Ewing, H., & Ballard, A. (2009). A guide to Smithsonian architecture. Washington: Smithsonian Books.
Groundbreaking for the Hirshhorn Museum and Sculpture Garden occurred in January, 1969, although legislation supporting a museum dedicated to modern and contemporary art was passed as early as the 1930s. Latvian immigrant Joseph Hirshhorn donated his extensive modern art and sculpture collection, along with the funds to build the museum. Hirshhorn stated that he wanted to repay the United States for what it had done for him, afforded him opportunities that he would not have been afforded anywhere else in the world.
The modern building design was met with controversy from those who opposed a building on the National Mall that was so stark opposite the existing buildings. It stands on the site of the original Army Medical Museum.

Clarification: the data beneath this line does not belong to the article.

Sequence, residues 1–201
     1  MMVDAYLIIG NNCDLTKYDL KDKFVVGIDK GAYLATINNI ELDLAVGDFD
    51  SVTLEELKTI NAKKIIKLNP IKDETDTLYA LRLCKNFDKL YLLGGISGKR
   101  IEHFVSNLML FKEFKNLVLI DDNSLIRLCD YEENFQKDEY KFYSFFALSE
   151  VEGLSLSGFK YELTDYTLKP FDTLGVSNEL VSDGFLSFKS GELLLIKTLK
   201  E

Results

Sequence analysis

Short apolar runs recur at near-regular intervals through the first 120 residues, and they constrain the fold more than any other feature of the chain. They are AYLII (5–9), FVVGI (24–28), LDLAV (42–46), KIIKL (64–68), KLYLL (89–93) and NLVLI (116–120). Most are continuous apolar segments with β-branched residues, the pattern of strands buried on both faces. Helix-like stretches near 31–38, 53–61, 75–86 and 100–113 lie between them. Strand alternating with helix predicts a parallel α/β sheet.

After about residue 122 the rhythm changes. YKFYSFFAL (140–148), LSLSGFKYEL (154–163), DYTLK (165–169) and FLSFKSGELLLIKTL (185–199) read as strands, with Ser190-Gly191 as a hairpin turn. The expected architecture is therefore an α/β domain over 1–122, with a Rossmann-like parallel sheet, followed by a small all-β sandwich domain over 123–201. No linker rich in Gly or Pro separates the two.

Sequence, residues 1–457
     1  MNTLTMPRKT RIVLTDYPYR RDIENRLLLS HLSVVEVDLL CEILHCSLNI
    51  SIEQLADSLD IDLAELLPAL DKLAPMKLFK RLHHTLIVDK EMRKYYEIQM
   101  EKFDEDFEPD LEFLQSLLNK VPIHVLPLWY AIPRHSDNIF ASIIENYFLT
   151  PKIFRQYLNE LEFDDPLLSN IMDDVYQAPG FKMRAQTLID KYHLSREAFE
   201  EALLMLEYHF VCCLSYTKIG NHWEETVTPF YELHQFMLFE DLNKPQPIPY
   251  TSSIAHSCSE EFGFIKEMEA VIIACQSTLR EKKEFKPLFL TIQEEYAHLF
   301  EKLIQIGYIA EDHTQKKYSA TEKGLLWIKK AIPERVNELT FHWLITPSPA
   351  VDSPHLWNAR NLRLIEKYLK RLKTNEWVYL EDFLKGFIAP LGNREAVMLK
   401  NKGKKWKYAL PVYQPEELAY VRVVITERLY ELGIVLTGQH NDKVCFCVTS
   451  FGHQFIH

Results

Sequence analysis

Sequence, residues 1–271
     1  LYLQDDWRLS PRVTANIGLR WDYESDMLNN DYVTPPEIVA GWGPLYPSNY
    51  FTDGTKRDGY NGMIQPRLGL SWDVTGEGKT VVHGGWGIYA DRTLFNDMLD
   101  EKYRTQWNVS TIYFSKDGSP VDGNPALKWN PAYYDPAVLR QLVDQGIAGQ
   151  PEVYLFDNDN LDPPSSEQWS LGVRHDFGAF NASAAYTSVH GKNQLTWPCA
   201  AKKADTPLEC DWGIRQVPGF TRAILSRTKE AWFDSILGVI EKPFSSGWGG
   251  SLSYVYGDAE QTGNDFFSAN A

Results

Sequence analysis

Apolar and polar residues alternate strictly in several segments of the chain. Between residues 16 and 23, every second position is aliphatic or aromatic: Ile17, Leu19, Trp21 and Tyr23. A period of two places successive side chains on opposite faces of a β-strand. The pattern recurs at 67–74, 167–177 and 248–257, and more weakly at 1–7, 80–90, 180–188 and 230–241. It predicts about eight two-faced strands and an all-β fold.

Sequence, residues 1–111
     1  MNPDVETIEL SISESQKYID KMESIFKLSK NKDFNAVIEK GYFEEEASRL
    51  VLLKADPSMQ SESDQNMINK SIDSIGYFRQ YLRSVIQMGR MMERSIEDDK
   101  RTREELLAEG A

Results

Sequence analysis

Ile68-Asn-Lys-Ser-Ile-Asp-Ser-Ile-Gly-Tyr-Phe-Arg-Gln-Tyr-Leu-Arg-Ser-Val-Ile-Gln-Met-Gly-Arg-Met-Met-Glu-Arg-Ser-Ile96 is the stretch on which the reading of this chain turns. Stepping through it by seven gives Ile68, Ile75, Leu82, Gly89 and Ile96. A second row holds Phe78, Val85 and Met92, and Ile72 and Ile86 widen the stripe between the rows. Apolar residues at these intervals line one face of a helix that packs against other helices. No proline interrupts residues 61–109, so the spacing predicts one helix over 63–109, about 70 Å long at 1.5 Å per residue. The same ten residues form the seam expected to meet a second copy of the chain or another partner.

The design of the Hirshhorn Building subscribes to the modern architecture notion that "form follows function." Architect Gordon Bunshaft was chosen to design the building, and being an art collected himself, he had ideas about how contemporary art should be displayed. Circulation and flow were very key elements in the design, as were interior, windowless galleries to display those works that are light sensitive.
The perfectly geometrical cylindrical building was built using precast concrete mixed with crushed pink granite. The building is elevated, sitting atop four large pillars thus leaving the large plaza open for displaying sculptures and for visitor enjoyment. The circular fountain that was installed became one of the museum's key features. There is only one window in the entire building, a panoramic view window that faces the National Mall.
The outdoor Sculpture Garden was envisioned in the plan since the beginning, presumably because Joseph Hirshhorn displayed most of his sculptures on the outside lawn of his Connecticut home. The museum opened to the public in 1974.